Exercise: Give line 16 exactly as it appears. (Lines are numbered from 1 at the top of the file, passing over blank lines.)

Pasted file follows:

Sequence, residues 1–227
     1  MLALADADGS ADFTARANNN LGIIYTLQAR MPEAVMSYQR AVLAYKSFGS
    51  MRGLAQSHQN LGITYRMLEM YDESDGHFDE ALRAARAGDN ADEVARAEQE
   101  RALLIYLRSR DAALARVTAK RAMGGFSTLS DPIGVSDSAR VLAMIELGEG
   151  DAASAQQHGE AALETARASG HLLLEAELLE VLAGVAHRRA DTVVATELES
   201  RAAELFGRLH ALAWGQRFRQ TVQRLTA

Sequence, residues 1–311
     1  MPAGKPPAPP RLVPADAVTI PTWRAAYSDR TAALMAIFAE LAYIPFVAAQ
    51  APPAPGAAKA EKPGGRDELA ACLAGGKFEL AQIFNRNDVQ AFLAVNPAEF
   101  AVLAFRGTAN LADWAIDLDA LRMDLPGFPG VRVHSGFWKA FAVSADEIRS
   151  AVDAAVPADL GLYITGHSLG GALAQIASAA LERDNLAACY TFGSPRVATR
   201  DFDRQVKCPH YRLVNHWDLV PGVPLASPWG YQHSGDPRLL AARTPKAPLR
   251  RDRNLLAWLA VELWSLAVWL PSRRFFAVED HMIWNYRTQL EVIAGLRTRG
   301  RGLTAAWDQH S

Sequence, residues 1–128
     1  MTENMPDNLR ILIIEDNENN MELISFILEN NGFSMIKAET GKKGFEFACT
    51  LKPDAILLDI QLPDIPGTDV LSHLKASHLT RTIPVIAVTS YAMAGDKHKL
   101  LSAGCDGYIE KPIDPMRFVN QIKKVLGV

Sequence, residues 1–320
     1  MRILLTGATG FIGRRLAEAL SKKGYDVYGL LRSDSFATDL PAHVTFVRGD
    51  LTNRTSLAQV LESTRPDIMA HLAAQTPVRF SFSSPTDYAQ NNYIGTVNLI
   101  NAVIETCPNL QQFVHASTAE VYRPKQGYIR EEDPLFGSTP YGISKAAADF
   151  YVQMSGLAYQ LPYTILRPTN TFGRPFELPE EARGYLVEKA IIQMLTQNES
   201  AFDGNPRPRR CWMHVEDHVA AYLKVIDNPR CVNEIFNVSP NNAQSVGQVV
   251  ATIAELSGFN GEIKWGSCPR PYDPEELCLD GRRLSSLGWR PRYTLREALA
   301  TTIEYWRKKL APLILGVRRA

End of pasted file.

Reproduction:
     1  MTENMPDNLR ILIIEDNENN MELISFILEN NGFSMIKAET GKKGFEFACT